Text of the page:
by Jason Nabb
I had a proud “parent moment” the other day. We were driving down Cornhusker highway here in Lincoln, heading to my in-laws for dinner. There’s a certain business along the way that specializes in adult materials. It has these huge banners and signs with scantily-clad women. It’s practically unavoidable. We have this enormous van to carry around my wife, six kids and I, and I often “listen in” on what’s happening in the back. I heard my oldest boy, Simon, shout out to his younger brother, “Look away, Isaac! Look over there!” He was teaching Isaac to look away from the signage of the offensive establishment. Simon is eight, Isaac is six.
Needless to say, I’m geeked.
At their age, I was looking at dirty magazines with my buddy in his brother’s room and spying on the neighbor’s daughters. My kids all know about “bouncing” their eyes and the TV during commercials (hint: set PBS as your “jump to” channel.) My daughters all know the rules about modesty, i.e. how to determine if your clothes are modest. They all know to come ask me if they’re not sure if something is appropriate. My oldest daughter is 11, then 4 and 2. Bedroom doors are only shut, in my house, for the few minutes it takes to change clothes. The computer is in the family room in plain view and nobody has their own email address, facebook or myspace pages, etc. Nobody uses the Internet without strict supervision.
I’m not writing this to brag. I’m writing this so that we all might consider how important it is to establish an open relationship about the impact impure images can have on our souls. I know that all these extra precautions may not shield them completely from the pornographic nature of the world, but equipping them with these habits at such a young age will, hopefully, help them deal with it when they are on their own.
Setting up theses rules also prompts great discussions. I explained to Simon how proud I was of him that he shared the “bouncing” technique with Isaac. I told him he doesn’t understand, now, the importance of such tactics, but when he gets older, his body will change and his feelings will change and he’ll understand better why it is so crucial to have this habit in place. Learning these purity-protecting strategies before puberty is like football practice (he loves football). The coach would never put you in at QB during the big game without ever having you run the plays in practice first. The best time to talk to your kids about averting their eyes and keeping their thought life pure is before they are in the final minutes of the game. We all know how overpowering our own hormones can be. I recommend instilling these habits in your children before it’s too late.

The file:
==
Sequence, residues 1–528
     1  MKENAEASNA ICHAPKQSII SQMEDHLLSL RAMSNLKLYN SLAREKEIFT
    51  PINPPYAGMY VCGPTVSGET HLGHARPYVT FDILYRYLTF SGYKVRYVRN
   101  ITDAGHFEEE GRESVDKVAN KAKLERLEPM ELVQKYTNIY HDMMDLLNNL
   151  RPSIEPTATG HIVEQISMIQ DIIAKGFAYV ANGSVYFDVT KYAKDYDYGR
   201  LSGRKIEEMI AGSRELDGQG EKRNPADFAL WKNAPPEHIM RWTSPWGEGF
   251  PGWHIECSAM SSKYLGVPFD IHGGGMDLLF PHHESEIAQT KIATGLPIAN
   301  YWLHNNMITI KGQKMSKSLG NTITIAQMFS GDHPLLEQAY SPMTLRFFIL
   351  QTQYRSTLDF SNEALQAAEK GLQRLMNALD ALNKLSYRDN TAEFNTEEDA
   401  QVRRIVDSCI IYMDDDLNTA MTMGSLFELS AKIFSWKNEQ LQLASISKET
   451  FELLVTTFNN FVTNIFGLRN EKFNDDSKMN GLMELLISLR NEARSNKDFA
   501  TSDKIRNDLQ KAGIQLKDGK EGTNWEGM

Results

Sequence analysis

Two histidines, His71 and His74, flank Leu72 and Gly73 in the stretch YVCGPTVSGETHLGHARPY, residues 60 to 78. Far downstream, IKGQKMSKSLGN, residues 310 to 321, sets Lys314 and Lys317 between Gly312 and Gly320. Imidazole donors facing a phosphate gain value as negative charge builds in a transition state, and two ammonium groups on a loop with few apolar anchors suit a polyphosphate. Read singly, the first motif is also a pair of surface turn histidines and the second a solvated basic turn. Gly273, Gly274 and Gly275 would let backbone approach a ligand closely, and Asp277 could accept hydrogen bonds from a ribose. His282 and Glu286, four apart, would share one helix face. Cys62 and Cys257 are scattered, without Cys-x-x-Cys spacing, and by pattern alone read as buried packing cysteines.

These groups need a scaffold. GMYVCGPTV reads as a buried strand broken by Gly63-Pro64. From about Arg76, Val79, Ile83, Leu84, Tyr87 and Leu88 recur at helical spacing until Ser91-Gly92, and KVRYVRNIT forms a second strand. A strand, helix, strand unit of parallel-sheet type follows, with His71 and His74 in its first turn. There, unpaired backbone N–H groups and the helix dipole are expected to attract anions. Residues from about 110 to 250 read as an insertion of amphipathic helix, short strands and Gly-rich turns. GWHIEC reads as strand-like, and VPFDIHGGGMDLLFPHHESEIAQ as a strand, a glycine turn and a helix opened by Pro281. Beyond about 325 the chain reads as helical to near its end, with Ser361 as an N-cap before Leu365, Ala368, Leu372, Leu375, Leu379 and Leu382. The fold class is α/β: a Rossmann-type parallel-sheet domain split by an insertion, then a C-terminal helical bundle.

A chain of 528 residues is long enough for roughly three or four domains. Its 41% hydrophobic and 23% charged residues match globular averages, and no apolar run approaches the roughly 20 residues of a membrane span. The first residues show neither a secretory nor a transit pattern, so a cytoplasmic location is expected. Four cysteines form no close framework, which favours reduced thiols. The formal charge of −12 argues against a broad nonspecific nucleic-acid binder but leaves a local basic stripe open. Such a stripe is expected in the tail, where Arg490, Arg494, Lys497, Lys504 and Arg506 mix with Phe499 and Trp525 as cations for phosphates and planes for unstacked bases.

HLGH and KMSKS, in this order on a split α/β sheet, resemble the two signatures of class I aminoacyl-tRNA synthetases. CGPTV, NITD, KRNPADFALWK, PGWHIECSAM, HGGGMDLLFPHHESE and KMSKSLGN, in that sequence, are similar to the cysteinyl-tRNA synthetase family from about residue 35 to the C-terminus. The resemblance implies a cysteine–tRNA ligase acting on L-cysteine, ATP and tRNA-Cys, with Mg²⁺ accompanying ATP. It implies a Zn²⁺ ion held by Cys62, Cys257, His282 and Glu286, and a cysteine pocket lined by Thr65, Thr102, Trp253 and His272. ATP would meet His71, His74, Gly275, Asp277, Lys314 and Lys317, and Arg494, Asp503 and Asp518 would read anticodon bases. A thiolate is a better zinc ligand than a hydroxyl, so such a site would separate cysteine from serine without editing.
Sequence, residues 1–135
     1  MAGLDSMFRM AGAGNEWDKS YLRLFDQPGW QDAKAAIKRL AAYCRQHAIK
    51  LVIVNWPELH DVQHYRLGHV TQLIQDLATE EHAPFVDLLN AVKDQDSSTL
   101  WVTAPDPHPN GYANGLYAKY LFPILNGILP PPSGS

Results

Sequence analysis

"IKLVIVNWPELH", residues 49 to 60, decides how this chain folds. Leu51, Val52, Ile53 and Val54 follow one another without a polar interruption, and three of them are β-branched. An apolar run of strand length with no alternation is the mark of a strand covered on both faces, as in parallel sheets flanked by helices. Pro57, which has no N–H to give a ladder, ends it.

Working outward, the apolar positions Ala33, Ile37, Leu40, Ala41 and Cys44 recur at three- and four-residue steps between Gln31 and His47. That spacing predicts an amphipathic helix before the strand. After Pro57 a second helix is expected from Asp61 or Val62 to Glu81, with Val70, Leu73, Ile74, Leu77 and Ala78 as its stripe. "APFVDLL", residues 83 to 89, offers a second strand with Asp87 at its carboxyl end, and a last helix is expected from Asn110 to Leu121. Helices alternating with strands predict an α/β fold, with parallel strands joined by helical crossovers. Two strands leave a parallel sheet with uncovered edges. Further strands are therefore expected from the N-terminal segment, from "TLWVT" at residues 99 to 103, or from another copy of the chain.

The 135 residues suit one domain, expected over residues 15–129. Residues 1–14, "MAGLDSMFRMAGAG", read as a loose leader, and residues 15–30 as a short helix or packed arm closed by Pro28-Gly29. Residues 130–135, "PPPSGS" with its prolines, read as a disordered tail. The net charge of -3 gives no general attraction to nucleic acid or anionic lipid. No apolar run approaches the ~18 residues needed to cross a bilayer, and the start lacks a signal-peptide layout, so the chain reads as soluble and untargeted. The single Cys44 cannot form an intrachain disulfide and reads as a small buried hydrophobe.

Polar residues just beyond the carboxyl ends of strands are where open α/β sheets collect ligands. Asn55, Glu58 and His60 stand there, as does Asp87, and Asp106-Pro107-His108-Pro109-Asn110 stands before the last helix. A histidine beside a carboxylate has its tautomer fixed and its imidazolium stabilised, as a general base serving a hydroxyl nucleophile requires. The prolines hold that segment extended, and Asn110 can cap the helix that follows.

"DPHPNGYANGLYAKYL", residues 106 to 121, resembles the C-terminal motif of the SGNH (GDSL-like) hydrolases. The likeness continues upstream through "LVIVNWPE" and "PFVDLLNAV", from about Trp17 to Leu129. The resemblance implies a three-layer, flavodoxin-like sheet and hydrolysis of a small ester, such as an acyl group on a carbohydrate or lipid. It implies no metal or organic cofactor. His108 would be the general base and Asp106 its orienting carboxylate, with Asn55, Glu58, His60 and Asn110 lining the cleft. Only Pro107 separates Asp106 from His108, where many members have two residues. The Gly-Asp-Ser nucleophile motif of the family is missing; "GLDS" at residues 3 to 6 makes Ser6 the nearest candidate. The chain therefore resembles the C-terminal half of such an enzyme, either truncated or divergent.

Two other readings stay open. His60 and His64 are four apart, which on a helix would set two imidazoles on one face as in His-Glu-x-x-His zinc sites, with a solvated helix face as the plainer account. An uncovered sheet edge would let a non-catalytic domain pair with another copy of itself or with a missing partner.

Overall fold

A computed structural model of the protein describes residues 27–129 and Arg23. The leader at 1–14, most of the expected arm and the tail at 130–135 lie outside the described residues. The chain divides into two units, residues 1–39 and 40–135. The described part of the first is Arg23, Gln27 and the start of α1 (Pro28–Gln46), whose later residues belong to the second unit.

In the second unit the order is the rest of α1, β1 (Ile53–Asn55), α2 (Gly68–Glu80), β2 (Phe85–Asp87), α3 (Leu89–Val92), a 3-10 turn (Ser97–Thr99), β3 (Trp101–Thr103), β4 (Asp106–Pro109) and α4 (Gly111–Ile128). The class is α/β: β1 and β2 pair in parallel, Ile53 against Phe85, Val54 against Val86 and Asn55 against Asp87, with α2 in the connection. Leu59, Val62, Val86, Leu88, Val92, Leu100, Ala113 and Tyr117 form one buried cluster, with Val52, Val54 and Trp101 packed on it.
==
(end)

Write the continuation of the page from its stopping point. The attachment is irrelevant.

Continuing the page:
If they understand that it’s okay to talk about temptation, struggles, and “strange feelings” as they come up, then you’ll have the chance to draw nearer to them and affirm purity as a goal to strive for in their lives.
When it comes to purity in your home, you’re the coach. If you don’t know how to play the game, how will you teach your children? You could decide not to deal with your struggles, cover up your immorality and perversions, and maybe even get away with it. That’s one game plan, but if you play this game, you will pass these issues down to your children, and they will have to deal with them. Chances are they’ll play the game the same way you did. Your child’s friends certainly aren’t going to teach them purity; neither are his teachers, nor youth pastors, nor sports coaches. It’s up to you. You’re the head coach in their lives, and you have to make the call.
If you have Covenant Eyes on your computer, that’s great! Talk to your kids about it. Let them know why it’s there. Let them know you are being proactive in keeping pornography out of your home. If they don’t know the steps you are taking to protect yourself and your home, you may as well not take them. I’m in advertising and we always tell our clients: “If your customers don’t know that you offer a benefit, the benefit doesn’t exist.”
Remember, whether they say it or not, your kids want to be like you. They are going to emulate you no matter what you put out there. Grab hold of their hearts and minds while you’re still “cool.” Confess your struggles as they grow older and can understand them. Open up to them and they’ll open up to you. I’ve started out small. They know I used to smoke, for instance. Now, I can talk to them about the hazards of smoking and they know I know what I’m talking about. I take a puff from my inhaler and remind them I’ve got asthma because of smoking. They need to know I’m not perfect. As they grow older, I’ll reveal to them my struggles with relationships, impurity, and many other issues in my life so they will understand that I understand what they are going through.
God’s design for marriage is perfect. My marriage is fantastic. I often wonder what it could be like had I saved myself for my wife, kept my thought life pure while growing up, and had never set my eyes upon pornography. Equip your kids to live a pure life so that they’ll never have to wonder what it would be like any other way.
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This post is by Jason Nabb. Jason owns a production and web development company in Lincoln, Nebraska. He and his wife, Cindy, blog at PurelightParenting.com. They have six children ages 11 down to 1 (every 2 years) and post their findings on all things parenting including insights on finances, health, relationships, purity and more.